Here's a stored procedure that accepts a setting name and returns the setting value for all components that have it. It's not SQL, but can be executed from SQL :)

You can call it this way -- this example returns the port setting for all components that have it:

call Sample.Util_SettingsByName('Port')

Here's the source code as XML export format. Copy this into a file and then import it using Studio, terminal, or the System Management Portal.

<?xml version="1.0" encoding="UTF-8"?>
<Export generator="Cache" version="25" zv="Cache for Windows (x86-64) 2016.1.1 (Build 108U)" ts="2016-10-12 16:15:39">
<Class name="Sample.Util">

<UDLText name="T">
         *                 ** N O T I C E **                 *
         *               - TEST/DEMO SOFTWARE -              *
         * This and related items are not supported by       *
         * InterSystems as part of any released product.     *
         * It is supplied by InterSystems as a demo/test     *
         * tool for a specific product and version.          *
         * The user or customer is fully responsible for     *
         * the maintenance of this software after delivery,  *
         * and InterSystems shall bear no responsibility nor *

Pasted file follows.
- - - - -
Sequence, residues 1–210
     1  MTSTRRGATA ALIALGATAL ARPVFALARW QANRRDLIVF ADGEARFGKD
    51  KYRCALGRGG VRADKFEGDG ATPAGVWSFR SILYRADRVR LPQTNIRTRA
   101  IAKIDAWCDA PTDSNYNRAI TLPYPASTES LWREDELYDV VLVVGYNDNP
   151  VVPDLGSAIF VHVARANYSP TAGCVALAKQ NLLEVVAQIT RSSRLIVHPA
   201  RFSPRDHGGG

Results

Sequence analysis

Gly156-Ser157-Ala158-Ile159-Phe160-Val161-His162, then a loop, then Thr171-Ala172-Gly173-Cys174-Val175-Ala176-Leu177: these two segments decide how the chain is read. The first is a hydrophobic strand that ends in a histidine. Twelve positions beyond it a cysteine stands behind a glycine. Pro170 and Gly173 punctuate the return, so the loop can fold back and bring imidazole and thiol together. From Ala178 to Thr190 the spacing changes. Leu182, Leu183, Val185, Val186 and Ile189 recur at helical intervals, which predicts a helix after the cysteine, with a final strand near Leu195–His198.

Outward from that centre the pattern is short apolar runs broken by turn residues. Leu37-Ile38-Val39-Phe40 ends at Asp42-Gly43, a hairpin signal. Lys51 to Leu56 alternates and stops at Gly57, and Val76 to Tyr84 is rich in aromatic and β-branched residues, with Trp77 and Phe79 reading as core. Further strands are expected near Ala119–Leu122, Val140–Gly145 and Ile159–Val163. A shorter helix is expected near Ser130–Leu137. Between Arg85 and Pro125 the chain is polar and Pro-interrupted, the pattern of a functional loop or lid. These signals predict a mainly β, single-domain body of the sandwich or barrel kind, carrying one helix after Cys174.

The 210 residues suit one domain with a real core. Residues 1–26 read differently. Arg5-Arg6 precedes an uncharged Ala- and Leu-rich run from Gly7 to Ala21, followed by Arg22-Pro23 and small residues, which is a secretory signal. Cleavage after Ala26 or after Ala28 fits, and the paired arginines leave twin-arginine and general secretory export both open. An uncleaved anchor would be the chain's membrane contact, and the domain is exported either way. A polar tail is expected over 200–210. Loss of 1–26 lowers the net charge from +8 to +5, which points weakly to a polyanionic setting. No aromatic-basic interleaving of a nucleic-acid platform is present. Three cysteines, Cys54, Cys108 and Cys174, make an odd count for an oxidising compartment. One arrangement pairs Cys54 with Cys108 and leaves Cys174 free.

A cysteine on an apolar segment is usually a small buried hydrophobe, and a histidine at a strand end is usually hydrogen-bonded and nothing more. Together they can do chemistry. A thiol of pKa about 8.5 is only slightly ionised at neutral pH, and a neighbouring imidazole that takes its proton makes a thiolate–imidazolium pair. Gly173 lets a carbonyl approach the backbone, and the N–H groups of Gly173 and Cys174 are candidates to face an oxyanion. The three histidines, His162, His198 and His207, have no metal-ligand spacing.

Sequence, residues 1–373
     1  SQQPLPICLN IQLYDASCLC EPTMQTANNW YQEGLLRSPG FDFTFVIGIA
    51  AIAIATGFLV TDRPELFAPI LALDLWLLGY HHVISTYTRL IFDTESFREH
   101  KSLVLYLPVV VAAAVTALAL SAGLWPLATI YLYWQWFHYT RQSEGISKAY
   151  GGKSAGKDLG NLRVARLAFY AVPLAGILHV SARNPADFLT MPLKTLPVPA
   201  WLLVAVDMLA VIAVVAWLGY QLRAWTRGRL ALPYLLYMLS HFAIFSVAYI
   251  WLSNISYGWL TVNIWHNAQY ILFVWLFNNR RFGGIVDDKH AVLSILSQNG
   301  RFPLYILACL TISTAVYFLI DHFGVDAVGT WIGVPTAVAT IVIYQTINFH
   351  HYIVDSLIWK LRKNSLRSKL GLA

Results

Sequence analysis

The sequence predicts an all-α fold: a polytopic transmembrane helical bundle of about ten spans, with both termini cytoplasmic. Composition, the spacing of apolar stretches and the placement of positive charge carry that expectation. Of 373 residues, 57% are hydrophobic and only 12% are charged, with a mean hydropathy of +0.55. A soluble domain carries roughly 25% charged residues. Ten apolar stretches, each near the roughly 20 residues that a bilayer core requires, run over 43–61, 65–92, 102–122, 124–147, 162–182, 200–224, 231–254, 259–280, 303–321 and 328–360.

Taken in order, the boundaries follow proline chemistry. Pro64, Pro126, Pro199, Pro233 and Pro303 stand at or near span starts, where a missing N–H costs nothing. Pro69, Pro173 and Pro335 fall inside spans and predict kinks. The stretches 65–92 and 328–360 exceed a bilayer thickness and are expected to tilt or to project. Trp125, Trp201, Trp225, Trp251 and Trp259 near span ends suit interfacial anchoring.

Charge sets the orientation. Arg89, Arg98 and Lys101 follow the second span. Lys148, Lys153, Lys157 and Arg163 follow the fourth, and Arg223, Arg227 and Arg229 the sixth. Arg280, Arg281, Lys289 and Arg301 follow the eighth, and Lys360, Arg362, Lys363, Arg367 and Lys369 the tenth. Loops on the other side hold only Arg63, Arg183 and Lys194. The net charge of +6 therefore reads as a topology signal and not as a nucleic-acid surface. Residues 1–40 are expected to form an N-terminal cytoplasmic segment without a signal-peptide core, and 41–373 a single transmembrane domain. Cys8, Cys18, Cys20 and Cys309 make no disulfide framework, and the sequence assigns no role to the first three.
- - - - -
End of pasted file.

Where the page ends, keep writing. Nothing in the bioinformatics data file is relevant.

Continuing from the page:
* liabilities for errors or misuse of this item.    *
         *                                                   *

<Query name="SettingsByName">
<Parameter name="ROWSPEC" value="BusinessHost:%String,SettingName:%String,SettingValue:%String"/>

<Method name="SettingsByNameExecute">
    s qHandle=##class(%ArrayOfObjects).%New()

    &sql(select %DLIST(id) into :tHostIDs from ENS_Config.Item order by Name desc)
    s tHostIDList=##class(%Library.ListOfDataTypes).%New()
    s tSC=tHostIDList.InsertList(tHostIDs)
    s tSC=qHandle.SetAt(tHostIDList,"HostIDs")

    s tSC=qHandle.SetAt(##class(%ArrayOfDataTypes).%New(),"Counters")
    s tSC=qHandle.GetAt("Counters").SetAt(0,"CurrHost")
    s tSC=qHandle.GetAt("Counters").SetAt(0,"CurrSetting")
    if ($L(SettingNames)>1) {
        s SettingNames=$ZCONVERT(SettingNames,"U")
        s tFilterList=##class(%Library.ListOfDataTypes).%New()
        s tSC=tFilterList.InsertList($LISTFROMSTRING(SettingNames))
         s tSC=qHandle.SetAt(tFilterList,"FilterList")

    Quit $$$OK

<Method name="SettingsByNameClose">
<Implementation><![CDATA[    Quit $$$OK

<Method name="SettingsByNameFetch">
    s tCurrHost=qHandle.GetAt("Counters").GetAt("CurrHost")
    s tCurrSetting=qHandle.GetAt("Counters").GetAt("CurrSetting")
    s tHostIDs=qHandle.GetAt("HostIDs")
    s tFilterList=qHandle.GetAt("FilterList")
    s oHost=qHandle.GetAt("Host")

    do {